There is a difference between a report being reliable and a report being true. Very reliable reports may not be true, and very true reports needn't be reliable. Reliability is a measure of how much trust we—the audience—place in the reporter giving the account;
I think you mean credibility rather than reliability. Reliable reports must be truthful or capable to be relied on even if we ultimately we don't or won't rely on them. On the other hand, credibility indicates how much trust the audience should have in an account. False reports may be credible but by definition, they are not reliable.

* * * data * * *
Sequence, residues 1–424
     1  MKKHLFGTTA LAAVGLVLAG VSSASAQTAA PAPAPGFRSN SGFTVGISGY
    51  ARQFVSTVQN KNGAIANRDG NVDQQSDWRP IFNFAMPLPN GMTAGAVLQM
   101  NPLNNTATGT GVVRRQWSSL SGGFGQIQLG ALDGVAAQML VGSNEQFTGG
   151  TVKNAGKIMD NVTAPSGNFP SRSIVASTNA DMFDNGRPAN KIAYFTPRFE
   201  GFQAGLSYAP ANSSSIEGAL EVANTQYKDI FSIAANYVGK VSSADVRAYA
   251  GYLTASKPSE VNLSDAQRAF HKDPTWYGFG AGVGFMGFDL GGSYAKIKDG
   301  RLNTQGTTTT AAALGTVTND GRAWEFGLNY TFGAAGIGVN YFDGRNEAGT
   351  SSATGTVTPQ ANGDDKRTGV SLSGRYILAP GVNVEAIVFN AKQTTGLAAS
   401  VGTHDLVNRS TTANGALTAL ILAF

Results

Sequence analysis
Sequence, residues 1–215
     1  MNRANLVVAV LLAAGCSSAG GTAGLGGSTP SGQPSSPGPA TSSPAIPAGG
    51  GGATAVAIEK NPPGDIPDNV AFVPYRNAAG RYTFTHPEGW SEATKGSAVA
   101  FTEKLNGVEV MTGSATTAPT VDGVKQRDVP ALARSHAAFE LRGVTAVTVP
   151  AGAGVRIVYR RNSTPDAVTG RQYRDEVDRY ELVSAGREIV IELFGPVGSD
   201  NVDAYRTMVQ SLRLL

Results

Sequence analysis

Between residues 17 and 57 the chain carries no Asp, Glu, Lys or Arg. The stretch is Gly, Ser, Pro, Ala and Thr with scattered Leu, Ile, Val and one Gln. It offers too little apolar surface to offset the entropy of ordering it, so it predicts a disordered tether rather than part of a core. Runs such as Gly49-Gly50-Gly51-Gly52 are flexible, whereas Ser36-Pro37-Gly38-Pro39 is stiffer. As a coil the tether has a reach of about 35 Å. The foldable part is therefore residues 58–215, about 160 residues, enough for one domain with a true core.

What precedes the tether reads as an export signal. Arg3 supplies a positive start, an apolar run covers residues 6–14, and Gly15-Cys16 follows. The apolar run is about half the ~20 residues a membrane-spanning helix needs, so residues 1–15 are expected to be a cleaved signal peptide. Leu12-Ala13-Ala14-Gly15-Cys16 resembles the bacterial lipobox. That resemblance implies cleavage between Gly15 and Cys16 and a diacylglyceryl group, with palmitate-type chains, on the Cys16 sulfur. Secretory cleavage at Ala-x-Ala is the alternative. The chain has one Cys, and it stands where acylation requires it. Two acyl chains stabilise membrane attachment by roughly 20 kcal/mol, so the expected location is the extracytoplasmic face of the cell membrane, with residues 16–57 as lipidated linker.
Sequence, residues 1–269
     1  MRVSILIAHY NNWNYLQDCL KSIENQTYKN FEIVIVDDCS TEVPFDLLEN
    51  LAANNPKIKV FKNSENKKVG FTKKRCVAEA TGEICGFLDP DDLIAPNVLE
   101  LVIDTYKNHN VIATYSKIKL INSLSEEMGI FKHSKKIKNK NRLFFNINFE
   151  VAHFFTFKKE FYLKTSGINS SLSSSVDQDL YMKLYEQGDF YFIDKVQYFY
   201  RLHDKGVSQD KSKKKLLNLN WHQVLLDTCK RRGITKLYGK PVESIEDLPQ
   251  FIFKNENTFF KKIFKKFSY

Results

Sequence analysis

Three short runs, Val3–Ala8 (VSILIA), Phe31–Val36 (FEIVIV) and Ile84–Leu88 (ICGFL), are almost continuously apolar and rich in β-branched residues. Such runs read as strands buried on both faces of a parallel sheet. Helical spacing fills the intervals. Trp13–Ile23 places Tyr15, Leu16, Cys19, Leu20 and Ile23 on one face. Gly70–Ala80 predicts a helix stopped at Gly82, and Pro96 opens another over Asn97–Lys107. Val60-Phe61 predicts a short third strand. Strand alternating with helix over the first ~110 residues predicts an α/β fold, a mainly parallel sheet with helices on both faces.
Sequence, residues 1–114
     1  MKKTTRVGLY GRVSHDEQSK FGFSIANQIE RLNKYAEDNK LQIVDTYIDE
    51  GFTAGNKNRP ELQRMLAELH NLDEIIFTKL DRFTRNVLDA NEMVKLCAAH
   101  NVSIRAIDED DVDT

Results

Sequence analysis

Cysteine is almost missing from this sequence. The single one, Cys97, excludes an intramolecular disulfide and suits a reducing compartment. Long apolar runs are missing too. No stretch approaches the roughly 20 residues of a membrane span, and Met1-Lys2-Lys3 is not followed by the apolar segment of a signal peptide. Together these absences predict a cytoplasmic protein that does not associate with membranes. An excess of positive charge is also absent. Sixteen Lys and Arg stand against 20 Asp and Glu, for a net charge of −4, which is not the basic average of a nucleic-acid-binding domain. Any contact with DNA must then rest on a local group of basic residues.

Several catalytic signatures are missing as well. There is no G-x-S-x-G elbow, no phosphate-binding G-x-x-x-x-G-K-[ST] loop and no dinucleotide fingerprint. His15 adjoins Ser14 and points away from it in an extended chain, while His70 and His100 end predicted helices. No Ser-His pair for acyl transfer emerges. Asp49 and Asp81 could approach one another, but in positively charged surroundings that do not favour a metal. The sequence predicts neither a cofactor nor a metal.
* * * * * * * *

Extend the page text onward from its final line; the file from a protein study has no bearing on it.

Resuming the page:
There is a good reason why real investigations prefer live testimony of witnesses over affidavits from witnesses. Most of the indicators of credibility (particularly witness demeanor, slip ups during cross examination, eye contact, etc.) are simply absent from written testimony.
quote:To determine the truth of an account we can do only one thing: examine the account against physical evidence and check for corroboration in other accounts.
I think ignoring the credibility of the accounts is a huge mistake. No investigator would do this.